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Chapter 5
Mt Assiniboine, Windy Ridge, and Wonder Pass








Day 9

On Sunday morning we drove south to Canmore and the start of our second backpack in Mt. Assiniboine Provincial Park. Behind the town of Canmore we picked up a gravel road, which we followed for 45 minutes up a long valley way back into the mountains behind Canmore to Mount Shark Heliport. It was here that we picked up our helicopter ride into Mt. Assiniboine Lodge. We had heard that the hike into the lodge was a boring 16-mile hike along a viewless, plain, boring fire road so we chose to take the helicopter in. However, the helicopter was expensive ($100 Canadian per person one way) so we compromised, helicopter in, and backpack out. We figured the route out would be primarily downhill and our packs would be lighter since most of our food would have been consumed. The Mt. Assiniboine Lodge is a commercial establishment that features lodging and meals. It’s situated on the shore of Lake Magog at the foot of Mt. Assiniboine. It’s very nice in a simple, rustic kind of way. It’s also expensive. Considering that all of their supplies have to be flown in, it’s not surprising. We chose the Lake Magog Campground run by Parks Canada for our lodging instead.

The chopper ride in to the lodge took about 10 minutes. The landscape below us was still frosted from the early morning frost and light snow shower. While the snow was slowly melting with the rising sun, the sky still had a threatening look to it. After off loading our gear from the chopper, we hefted our packs on our backs and took off along the one-mile trail to the Lake Magog Campground. There we found a great campsite up the hillside, in the back, shielded from the other sites by a row of trees and with our own personal view of Mt. Assiniboine. We scavenged some tree stumps and flat boards from other empty sites and built a “dining room table” for ourselves. We situated the table so that we had a view of the mountain while we ate. This lovely site was our home for the next three nights and two days. There were about 30 sites in the campground, many of them clustered together in small open fields.While we were there, only about half a dozen sites were occupied. Based on a sampling of the registration tags left at the campsites, it had been very full for the previous two-day weekend.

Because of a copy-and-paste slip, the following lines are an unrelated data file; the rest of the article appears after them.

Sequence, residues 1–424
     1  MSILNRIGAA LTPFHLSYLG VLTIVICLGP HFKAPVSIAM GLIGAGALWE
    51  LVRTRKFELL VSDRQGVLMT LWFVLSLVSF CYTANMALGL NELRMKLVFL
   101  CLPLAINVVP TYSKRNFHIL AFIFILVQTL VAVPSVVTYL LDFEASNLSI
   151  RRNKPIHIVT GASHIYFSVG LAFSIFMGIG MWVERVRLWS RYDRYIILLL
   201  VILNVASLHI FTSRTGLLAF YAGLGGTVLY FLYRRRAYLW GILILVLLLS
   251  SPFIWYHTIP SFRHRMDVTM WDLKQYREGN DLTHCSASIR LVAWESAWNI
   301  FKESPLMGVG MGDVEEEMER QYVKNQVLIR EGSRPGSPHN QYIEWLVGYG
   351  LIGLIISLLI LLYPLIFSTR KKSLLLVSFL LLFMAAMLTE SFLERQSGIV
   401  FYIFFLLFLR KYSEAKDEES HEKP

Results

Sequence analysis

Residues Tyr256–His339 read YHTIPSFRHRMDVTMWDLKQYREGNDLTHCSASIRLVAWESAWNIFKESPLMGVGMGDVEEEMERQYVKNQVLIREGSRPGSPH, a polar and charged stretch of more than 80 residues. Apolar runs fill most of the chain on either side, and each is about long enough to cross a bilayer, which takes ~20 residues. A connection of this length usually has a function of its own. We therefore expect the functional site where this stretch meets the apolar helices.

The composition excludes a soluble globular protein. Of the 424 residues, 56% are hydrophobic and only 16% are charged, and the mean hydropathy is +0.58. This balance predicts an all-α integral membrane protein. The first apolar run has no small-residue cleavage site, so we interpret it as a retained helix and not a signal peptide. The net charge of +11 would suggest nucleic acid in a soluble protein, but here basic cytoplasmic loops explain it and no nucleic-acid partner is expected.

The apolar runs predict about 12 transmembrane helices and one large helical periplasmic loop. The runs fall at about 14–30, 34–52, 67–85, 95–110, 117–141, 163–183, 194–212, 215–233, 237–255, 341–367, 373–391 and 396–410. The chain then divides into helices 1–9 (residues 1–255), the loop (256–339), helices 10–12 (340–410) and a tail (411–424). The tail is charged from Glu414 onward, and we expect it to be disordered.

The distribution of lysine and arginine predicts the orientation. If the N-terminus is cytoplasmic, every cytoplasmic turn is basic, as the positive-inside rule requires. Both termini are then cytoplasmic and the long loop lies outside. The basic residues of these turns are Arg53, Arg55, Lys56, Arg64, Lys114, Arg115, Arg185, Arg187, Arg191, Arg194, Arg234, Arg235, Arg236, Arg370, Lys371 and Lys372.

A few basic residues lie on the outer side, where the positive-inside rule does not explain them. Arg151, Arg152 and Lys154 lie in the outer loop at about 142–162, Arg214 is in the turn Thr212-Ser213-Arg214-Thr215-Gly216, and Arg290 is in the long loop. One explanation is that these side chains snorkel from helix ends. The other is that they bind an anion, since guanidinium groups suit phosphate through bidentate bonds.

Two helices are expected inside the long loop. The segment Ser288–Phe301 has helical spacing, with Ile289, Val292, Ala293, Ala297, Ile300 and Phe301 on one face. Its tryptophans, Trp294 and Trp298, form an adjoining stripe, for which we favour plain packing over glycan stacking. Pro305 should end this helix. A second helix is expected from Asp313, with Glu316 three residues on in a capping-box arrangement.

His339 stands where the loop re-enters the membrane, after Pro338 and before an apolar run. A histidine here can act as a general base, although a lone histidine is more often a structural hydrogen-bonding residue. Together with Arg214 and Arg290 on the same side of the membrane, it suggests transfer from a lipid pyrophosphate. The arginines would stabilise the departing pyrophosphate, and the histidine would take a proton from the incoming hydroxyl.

The helicopter ride to Mt Assiniboine
We load the chopper at Mt Shark heliport
for the ride into Mt. Assiniboine.

Hiking to our campsite
After arriving, we hike 1 mile to the
Lake Magog campground. Mt Assiniboine
is dead ahead and lost in the clouds

Our campsite at Lake Magog
We set up camp and arrange our
kitchen/dining room table

Lake Magog and Mt Assiniboine on a clear day.
Mt Assiniboine and Lake Magog on a clear day.

Day 10

Monday dawned cool and clear, not a cloud in site, just clear, sunny, royal blue sky !! We took the trail around the backside of the campground to Sunburst and Cerulean Lakes. They were beautiful, cold, crystal clear lakes surrounded by rocky peaks and dense pine forests. From the lakes we climbed up to the Nublet, a small peak. From there we could overlook all the local lakes, mountains and valleys. From the Nublet we could have rock scrambled up further to the Nub, which was a peak a few hundred feet higher than the Nublet, but we wanted to get back down into the valley and check out nearby Elizabeth Lake. If we had known better, we could have ascended the Nub, enjoyed better views, then continued over the far side of the Nub peak, hiked along the ridge and then descended the ridge via a dry ravine down to Elizabeth Lake. We learned of this route by watching a guided group of day hikers from the lodge as they followed the route. Instead, we descended Nublet down to Elizabeth Lake. From Elizabeth Lake we continued on over towards Ferro Pass. The trail was somewhat boring, being in a dense pine forest with no mountain views, plus, halfway there, we realized that we had mis-calculated our anticipated round trip mileage, (our total was going to be 4 miles longer than we had wanted to do), so we turned around and headed back home.

Cerulean and Sunburst Lakes
Cerulean Lake (L) and Sunburst Lake (R)
from Nublet Peak.

Elizabeth Lake
Elizabeth Lake.  Nublet is just up and over the ridge in the back.

Mt Assiniboine and Lake Magog
Mt Assiniboine and Lake Magog from Nublet.